The point is, we've all blamed God for things or been wrongfully angry toward Him. We've all blasphemed and said stupid things to God or about God. Stevie Johnson just happened to do it on Twitter and get all over the media air waves for it too. When all is said and done, it could be worse. The bright side is that Johnson's outburst could have been captured in the Word rather than in the media and on the internet. Get off of the man's're just like him, and if you're honest, you'll admit it.

Book Review: "The Gospel & Personal Evangelism"

Title: The Gospel & Personal Evangelism
Sub-title: (not applicable)
Author: Mark Dever
Publisher: Crossway
Book Type: Evangelism (Christian Living)
Page Length: 124
Chapters: Foreword (by CJ Mahaney), Introduction, 7 Chapters, Conclusion
SRP: $9.99
Suggested Audience: All Christians, all ages.

Strengths: This book is short, so those of you that feel like you have the attention span of Dory from Finding Nemo, you have no excuses to not finish this book if you dare to pick it up. This book is organized well and it is by no means boring. If you have any desire to learn about evangelism or live out a life of evangelism, you will like this book.

Weaknesses: I feel like every time I write a book review I end up writing this, “I don’t think this book has any weaknesses.” And, honestly, I don’t feel badly about that fact because most books that I read are really good. I don’t usually pick up a book if I have a feeling that a book is going to be a bad read. With that said, this book hits the target that Dever was aiming for when he wrote it.

My thoughts: I love this book. I feel like it’s the unofficial sequel to Greg Gilbert’s “What is the Gospel?” and that is not too much of stretch considering that Greg Gilbert is a pastor at Capitol Hill Baptist Church just like Mark Dever. So my theory is that Gilbert wrote his book to establish what the gospel is and to clear up what the gospel is not. Then, Dever came along behind him and wrote “The Gospel & Personal Evangelism” to show us how to respond to the gospel of Jesus in light of what the Bible shows it (the gospel) to be. The problem with that theory is that Dever published his book first, so maybe Gilbert wanted to clarify the gospel for readers so they could better understand the gospel before moving on to Dever’s book about how the gospel demands that we live out personal evangelism. But I digress…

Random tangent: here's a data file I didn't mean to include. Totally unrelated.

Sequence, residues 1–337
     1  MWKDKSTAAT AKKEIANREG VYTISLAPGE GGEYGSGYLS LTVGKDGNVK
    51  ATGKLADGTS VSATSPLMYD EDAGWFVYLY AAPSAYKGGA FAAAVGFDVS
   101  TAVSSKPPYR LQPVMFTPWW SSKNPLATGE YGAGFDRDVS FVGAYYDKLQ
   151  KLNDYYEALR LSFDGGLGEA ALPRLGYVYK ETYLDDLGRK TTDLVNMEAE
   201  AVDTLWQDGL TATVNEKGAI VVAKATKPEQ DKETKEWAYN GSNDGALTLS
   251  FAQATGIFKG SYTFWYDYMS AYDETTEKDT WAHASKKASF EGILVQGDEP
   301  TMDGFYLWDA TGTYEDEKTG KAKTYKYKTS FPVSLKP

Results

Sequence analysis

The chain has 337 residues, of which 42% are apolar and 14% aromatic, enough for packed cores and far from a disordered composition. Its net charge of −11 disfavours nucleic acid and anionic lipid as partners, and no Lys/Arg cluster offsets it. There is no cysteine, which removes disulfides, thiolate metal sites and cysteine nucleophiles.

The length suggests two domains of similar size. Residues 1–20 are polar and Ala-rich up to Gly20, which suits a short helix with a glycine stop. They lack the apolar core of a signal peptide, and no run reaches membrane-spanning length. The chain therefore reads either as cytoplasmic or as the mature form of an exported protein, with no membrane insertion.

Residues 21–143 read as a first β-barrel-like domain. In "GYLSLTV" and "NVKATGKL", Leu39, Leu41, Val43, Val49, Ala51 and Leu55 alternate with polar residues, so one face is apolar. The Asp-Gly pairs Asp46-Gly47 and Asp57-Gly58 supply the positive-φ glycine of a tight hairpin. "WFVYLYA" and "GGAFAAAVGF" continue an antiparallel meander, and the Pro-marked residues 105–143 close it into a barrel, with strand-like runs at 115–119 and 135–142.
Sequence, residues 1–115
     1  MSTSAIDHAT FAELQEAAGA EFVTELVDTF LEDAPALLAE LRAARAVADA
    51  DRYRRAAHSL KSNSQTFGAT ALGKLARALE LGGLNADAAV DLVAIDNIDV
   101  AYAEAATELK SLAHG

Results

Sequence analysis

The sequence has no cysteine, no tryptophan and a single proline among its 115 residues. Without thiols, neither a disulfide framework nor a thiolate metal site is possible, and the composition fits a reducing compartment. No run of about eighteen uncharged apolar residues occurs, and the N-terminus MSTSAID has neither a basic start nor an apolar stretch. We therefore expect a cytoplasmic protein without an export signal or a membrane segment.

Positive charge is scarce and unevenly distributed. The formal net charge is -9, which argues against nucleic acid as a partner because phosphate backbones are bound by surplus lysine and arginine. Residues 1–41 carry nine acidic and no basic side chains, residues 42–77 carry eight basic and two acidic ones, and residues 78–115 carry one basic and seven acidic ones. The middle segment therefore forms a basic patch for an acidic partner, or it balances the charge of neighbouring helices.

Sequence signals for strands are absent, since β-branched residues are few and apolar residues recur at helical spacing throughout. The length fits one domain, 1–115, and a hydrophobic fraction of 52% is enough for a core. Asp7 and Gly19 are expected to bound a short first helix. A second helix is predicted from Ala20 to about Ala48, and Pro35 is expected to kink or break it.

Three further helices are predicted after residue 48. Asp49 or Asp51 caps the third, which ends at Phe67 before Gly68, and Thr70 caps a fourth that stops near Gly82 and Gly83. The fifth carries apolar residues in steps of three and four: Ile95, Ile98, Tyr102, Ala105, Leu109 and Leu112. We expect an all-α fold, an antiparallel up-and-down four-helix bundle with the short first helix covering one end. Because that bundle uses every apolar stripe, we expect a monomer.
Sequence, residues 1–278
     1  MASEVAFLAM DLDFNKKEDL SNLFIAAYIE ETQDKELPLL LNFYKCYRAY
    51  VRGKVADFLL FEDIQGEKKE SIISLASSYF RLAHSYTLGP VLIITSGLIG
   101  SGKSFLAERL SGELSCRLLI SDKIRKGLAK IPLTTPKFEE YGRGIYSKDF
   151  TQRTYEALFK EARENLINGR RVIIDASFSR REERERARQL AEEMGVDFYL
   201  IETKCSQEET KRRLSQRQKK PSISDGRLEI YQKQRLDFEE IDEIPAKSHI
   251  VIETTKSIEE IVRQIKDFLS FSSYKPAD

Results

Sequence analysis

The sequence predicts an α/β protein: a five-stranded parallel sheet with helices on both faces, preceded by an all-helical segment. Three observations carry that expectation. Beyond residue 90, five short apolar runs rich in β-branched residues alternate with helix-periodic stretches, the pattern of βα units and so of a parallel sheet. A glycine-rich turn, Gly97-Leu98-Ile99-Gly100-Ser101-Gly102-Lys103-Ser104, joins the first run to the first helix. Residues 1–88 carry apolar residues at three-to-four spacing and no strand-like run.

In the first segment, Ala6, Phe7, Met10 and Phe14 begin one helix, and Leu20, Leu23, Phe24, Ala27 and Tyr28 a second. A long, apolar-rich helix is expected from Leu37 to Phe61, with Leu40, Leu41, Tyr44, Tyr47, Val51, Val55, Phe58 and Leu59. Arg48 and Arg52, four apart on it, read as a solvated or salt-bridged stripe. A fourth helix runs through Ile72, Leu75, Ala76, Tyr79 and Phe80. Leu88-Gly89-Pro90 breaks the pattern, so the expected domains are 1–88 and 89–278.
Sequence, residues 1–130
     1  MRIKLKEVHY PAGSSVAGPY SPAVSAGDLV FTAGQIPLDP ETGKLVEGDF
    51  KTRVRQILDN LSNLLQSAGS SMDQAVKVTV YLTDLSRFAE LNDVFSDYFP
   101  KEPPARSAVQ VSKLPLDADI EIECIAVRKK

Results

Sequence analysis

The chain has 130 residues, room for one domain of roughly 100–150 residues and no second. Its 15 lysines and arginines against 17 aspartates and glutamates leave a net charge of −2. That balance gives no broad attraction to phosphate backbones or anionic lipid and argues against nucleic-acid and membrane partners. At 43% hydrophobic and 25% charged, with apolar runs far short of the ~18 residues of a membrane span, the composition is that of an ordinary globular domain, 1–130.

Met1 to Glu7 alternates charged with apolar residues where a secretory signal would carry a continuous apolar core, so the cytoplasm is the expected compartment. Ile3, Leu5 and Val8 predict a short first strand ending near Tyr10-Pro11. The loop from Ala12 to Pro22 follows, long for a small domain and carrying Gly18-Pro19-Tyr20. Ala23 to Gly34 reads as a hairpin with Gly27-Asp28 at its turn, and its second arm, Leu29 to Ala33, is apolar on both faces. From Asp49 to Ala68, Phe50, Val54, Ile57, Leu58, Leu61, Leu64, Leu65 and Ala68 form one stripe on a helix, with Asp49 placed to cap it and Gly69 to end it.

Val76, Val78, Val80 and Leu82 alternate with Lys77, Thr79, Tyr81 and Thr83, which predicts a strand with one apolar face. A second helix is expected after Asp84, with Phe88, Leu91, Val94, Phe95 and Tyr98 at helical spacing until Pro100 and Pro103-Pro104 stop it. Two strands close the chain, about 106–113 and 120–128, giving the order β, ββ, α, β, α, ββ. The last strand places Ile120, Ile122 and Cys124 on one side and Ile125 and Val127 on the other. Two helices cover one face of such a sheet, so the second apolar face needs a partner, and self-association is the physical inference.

Dever’s book boldly declares what a Christian’s biblical response to the power of the gospel should be. Chapter by chapter he answers the various Who, How, What and Why questions of the gospel and personal evangelism. His methodical, systematic, and academic approach is make so personal by his writing that you don’t feel like a professor is teaching you from a chalk board, you feel like you’re being discipled in personal evangelism by a guy who loves Jesus and cares about you the reader.

Notable quotes: “My blindness to God’s provision is voluntary. I don’t consider the reality and finality of death, judgment, and hell.”

“In biblical evangelism, we don’t impose anything. In fact, we really can’t. According to the Bible, evangelism is simply telling the good news. It’s not making sure that the other person responds correctly. I wish we could, but according to the Bible, this is not something we can do.”

“Interrupting someone in the process of deciding to follow Christ can actually help him.”

“You may not remember a time when you didn’t follow Christ. But the Bible tells us that we are all by nature at enmity with God. And at some point, our hearts came alive to God and our wills bent to his. We were converted. That’s what we want to see as a result of our evangelism.”

“God is glorified in being known.”

“If you think that the gospel is all about what we can do, that the practice of it is optional, and that conversion is simply something that anyone can choose at any time, then I’m concerned that you’ll think of evangelism as nothing more than a sales job where the prospect is to be won over to sign on the dotted line by praying a prayer, followed by an assurance that he is the proud owner of salvation.”

“The Christian call to evangelism is not simply a call to persuade people to make decisions, but rather to proclaim to them the good news of salvation in Christ, to call them to repentance, and to give God the glory for regeneration and conversion.”